An average of five penises and two vaginas per minute were on show in the debut episode of Naked Attraction last year, leading to a barrage of complaints for “exploitative nudity” and making it one of the most controversial series of 2016. I wouldn’t usually begin an article for the Radio Times with stats on genitalia, but Naked Attraction doesn’t beat around the bush, so to speak, so neither will I.
For those lucky enough to have missed its first run, Naked Attraction is a Channel 4 dating show (returning tonight for series two) wherein five people stand in glass boxes with their bits out and get eliminated one by one by a salivating singleton. After an initial fascination with the concept pulled in 1.79 million viewers, these figures plummeted by half a million by the end of the first series.
The show’s mantra is thus: “We like to start where a good date ends… naked.” Call me a prude, but if a good date ends with a leering stranger critiquing your fanny on national television, then all hope for the human race is well and truly lost.
It’s understandable how for the first series, participants might not have fully understood the implications of what they were signing up for and joined the show in a blind and desperate panic to find love. But who in their right minds would watch it on television and then willingly apply? I’ll tell you who. In tonight’s episode, Dominic is signed up by his mother. Her reasoning is that her son doesn’t suit the modern dating game and that he’s an old soul. I find this rationale very troubling and misguided. Izzy is the second participant. She likes “feminism, eggs and gin”. She’s one of those. One of those people who lists their interests on Tinder with full stops in between and one of them always includes gin. She can’t be trusted.
Participants aside, I can’t help but wonder what possesses Anna Richardson (partner of Sue Perkins) to present Naked Attraction. She seems genuinely perplexed when she wonders aloud: “Why do you want to choose a date naked?” Plus she looks physically pained when she asks: “Which mini do you want to go and have a look at?”
To which Dominic’s nauseating reply is: “All of them!”
This is just one of many exchanges that demonstrates how degrading and objectifying Naked Attraction is. Just because it’s diverse – and it undeniably is – it doesn’t mean it’s right. The fact it’s inclusive simply means it’s degrading to people of all colours, genders, shapes and sexualities. When it comes to sleaziness, it doesn’t discriminate.
For starters, the boxes that the five naked people stand in are almost identical to the one in Taken when Liam Neeson’s daughter is being auctioned off as a prostitute. And yes, they rotate too. Plus, in tonight’s show, Dominic tells a really, really funny joke where he says he could rest a tray of brandies on a girl’s bum. After all, what’s the point in a woman if she can’t be re-purposed as a piece of furniture? This girl is then rejected by Dominic because he decides her arse is too big and then she complains that she has been sent off purely for the way she looks. She doesn’t seem to understand the concept of the show.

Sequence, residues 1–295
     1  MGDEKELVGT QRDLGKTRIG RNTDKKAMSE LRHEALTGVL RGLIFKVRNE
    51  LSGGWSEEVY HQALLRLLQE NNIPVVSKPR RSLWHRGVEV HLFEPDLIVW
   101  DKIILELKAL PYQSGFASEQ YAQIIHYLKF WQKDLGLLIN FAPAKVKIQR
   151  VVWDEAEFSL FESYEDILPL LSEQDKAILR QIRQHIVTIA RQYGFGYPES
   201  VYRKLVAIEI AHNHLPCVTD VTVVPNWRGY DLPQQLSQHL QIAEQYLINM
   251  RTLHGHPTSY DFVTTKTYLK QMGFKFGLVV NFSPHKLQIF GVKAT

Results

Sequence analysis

There is one argument that Naked Attraction could improve body confidence as it shows normal bodies on TV as opposed to air brushed super models. For the viewers at home perhaps this is true – but for the contestants themselves isn’t it hugely damaging to their self worth? The vitriol on Twitter last year about the appearance of people (and their pubes) was horrifying. And two contestants in the series two debut get the boot because they’re too slender. I can’t help thinking that if this was the other way around and people were eliminated for being overweight, then this show wouldn’t be allowed on TV.
Finally, there’s a major fault in the format of Naked Attraction. There’s all this carry on about which lucky naked person in a box will win the date with the ogling perv – but who’s to say they even fancy them? They get no say in the matter. I accept that Blind Date also has this conundrum, but the fact it’s based on people’s personalities and not their undercarriages gives it a head start. Meanwhile on Take Me Out, both sides have a choice of who they run off to the Isle of Fernando’s with, and on First Dates neither person knows what they’re in for. But for Naked Attraction to give one person all the choosing power? Like picking a cut of meat at the butcher’s? It just doesn’t work.
Oh, and one last thing: it’s very difficult to watch it and eat at the same time, which I resent.
Naked Attraction returns on Thursday 29th June at 10pm on Channel 4